Those bad, bad boys

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EL 266

"Of course, concern over lower-glass delinquents continued and was simply compounded by fears that the sons of respectable, bourgeois families were also threatened by corrupting models of bad boy behavior in and out of texts" (Mailloux 45)

While I can see this point in relation to Huckleberry Finn, I don't see a huge connection here. I mean, I don't think Huck's behavior was extremely delinquent, he was simply a child without parents and stability. Yes, he did swear and lie and steal watermelons, but was he really such a bad role model?

Throughout the novel Huck struggled with issues of morality and always seemed to make the right choices. He was a mischievous boy, who many critics of the time misunderstood. They should have taken the time to focus on the real moral images in The Adventures of Huckleberry Finn and not harped on the bad role model presented in Huckleberry.


Jessica Apitsch said:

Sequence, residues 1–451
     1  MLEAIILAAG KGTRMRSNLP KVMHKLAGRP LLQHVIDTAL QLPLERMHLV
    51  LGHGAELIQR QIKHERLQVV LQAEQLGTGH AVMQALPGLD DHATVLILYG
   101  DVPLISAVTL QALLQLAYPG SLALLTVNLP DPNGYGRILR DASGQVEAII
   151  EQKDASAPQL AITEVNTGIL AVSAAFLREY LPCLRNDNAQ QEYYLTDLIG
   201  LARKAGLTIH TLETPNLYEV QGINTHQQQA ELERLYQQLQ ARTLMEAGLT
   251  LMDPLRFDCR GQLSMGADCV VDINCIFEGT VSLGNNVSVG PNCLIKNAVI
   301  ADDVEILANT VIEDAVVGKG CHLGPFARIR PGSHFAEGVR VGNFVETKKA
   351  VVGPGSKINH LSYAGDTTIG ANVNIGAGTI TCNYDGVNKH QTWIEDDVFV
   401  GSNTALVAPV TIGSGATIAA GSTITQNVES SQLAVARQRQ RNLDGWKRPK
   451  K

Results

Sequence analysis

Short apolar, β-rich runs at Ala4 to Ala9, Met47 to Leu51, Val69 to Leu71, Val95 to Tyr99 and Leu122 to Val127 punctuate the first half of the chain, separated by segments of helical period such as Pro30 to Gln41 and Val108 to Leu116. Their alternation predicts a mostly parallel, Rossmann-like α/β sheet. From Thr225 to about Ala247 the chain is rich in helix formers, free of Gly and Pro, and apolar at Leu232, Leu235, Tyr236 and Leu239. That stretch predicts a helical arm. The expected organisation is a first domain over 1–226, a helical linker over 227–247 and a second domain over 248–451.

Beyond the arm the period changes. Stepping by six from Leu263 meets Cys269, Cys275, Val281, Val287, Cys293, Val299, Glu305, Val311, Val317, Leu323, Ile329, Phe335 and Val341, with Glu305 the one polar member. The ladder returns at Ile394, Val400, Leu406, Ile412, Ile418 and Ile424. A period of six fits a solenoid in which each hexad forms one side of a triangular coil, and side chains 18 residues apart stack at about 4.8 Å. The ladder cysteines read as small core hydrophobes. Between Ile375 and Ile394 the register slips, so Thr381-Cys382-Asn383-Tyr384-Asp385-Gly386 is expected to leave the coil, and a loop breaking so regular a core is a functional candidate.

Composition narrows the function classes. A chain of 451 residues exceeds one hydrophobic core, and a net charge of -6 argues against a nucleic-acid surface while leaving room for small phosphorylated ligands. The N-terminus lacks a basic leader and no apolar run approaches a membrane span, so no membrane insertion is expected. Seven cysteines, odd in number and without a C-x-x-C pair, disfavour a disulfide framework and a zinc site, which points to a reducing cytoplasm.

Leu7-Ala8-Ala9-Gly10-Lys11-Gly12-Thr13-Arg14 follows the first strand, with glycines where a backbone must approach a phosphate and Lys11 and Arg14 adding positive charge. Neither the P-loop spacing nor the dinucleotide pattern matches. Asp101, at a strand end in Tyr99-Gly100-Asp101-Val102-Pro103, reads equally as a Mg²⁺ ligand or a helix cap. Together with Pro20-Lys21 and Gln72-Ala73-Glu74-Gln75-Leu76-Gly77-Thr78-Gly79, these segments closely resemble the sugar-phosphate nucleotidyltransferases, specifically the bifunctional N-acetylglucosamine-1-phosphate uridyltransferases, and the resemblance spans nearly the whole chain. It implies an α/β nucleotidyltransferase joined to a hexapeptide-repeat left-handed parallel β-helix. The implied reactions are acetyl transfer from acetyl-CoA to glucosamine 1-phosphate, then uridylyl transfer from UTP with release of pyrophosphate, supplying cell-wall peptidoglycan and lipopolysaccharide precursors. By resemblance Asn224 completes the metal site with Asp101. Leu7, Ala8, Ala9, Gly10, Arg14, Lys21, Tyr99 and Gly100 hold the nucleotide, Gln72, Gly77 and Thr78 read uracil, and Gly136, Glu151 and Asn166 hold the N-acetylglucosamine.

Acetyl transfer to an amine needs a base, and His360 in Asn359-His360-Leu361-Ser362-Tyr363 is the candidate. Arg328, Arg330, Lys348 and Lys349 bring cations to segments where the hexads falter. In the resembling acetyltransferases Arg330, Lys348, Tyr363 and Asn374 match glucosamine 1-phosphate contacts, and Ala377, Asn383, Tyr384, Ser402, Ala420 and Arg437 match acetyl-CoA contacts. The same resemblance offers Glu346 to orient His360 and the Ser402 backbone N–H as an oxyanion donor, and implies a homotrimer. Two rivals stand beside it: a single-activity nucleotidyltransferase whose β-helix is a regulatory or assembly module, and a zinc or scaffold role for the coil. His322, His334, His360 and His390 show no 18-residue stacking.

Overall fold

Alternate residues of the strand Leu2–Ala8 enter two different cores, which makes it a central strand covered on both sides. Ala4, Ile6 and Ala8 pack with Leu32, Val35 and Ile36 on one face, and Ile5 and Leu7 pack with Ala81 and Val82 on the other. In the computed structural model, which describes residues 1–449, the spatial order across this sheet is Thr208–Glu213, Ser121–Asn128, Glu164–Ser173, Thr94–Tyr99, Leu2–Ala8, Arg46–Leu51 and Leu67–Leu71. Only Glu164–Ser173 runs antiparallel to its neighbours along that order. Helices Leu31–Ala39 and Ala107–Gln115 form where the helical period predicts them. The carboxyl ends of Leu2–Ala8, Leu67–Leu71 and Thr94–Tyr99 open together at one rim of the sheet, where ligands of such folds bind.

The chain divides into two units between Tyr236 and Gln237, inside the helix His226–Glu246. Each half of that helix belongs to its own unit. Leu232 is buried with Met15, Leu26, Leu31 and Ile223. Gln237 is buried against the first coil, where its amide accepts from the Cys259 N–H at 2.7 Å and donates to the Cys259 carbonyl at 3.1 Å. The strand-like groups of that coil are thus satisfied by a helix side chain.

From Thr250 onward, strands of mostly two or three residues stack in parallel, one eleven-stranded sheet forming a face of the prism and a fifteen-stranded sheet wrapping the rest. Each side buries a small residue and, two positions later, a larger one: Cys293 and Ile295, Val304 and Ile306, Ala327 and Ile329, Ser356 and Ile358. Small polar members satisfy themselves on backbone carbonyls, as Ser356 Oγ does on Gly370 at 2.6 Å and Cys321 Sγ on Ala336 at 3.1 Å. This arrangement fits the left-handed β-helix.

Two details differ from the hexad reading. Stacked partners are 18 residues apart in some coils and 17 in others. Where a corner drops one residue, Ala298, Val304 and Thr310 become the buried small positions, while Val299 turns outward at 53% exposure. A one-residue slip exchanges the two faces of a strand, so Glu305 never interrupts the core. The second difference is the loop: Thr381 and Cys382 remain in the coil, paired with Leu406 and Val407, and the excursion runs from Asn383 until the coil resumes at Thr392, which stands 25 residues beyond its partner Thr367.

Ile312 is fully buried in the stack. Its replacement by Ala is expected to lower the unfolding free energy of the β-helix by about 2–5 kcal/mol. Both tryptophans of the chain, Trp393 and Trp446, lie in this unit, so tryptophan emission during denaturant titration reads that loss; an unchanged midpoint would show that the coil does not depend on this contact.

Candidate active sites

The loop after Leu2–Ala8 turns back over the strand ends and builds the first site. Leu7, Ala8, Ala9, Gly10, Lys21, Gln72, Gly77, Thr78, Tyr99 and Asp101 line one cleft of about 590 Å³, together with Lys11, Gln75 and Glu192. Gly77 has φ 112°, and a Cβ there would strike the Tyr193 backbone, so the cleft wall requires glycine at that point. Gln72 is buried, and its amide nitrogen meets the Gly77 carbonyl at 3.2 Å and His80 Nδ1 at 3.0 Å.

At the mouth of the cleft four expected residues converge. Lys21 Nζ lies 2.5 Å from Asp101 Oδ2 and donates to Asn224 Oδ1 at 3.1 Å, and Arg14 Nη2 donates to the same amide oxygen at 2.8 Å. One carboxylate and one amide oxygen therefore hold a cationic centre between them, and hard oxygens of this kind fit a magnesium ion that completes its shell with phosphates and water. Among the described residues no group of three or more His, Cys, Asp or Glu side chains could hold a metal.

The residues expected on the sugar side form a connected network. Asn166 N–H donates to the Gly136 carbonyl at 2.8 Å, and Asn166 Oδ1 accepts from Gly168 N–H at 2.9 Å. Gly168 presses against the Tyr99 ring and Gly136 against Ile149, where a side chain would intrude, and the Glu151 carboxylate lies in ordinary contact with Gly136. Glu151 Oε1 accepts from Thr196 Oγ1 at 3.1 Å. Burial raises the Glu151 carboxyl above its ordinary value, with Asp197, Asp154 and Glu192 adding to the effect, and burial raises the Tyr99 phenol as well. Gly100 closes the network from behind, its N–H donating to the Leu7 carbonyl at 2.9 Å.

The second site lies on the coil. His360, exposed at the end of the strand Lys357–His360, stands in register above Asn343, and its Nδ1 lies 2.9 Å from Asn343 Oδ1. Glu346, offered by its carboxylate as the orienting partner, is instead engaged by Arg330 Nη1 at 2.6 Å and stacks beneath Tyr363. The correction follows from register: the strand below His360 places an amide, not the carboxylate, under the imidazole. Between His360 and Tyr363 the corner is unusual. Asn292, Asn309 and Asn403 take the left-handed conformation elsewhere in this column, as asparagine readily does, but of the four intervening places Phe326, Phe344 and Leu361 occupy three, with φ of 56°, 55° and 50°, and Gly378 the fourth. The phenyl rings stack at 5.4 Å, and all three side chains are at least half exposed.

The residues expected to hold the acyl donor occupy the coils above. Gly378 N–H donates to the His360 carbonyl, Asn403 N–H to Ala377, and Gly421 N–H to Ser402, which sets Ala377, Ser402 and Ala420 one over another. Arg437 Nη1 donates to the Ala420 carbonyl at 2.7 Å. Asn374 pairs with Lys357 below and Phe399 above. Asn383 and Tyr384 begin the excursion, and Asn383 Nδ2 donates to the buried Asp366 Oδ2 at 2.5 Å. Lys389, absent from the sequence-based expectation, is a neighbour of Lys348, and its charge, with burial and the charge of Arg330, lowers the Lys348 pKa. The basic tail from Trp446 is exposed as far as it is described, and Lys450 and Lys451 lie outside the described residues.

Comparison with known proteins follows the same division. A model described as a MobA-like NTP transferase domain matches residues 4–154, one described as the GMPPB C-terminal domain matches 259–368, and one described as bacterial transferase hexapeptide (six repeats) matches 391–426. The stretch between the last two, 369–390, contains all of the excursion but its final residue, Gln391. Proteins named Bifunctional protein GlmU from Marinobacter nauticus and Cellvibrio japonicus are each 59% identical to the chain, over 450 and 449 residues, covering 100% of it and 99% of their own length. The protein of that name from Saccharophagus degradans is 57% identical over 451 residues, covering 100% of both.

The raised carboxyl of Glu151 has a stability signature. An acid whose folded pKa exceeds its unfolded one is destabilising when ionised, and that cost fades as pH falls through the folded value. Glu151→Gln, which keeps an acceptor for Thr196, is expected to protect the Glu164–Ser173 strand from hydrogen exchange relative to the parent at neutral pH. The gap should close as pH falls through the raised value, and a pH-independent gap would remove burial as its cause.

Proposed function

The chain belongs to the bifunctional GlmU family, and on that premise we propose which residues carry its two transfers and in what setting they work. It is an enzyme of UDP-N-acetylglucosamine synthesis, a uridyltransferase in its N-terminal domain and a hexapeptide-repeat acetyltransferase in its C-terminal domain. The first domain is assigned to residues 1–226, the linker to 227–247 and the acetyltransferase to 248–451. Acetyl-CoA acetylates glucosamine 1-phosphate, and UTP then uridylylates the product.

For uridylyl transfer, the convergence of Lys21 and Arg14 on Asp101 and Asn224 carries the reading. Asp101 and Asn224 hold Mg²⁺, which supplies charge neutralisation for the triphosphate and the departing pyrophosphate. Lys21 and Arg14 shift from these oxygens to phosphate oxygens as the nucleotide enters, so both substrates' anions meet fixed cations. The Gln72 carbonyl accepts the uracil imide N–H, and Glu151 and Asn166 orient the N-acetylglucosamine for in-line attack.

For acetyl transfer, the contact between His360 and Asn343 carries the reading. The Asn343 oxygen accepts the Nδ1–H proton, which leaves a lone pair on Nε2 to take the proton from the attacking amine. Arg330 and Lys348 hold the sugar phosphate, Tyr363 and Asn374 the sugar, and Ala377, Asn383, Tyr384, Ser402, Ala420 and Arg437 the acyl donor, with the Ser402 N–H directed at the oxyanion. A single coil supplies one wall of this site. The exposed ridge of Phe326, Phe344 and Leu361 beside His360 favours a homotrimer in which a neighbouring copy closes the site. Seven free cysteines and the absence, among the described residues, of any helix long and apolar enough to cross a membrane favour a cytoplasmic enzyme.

I couldn't agree more. I followed Huck's development throughout this novel. This caused me to celebrate when he showed signs of growth, but also left room for disappointment when he came up short. Even though he did not come up short and regressed to the role of the Tom's follower, he continued to try to follow the path of morality. It seems on the surface that Huck is a rebellious character, but look at what he was rebelling against: a corrupt society. Most individuals during this time were a part of this society and never looked at themselves in the mirror. Clemens, through Huck, was trying to force the action of searching within ourselves for a solution. I actually blogged about how society tends to place all blame on outside sources which causes it to come up short many times.

Thank you - this whole time I've wondered how Huck is a bad boy, and this kind of points out why he's not! Tom Sawyer is almost more of a bad boy than Huck with all his outlandish schemes and desire to be in a book.

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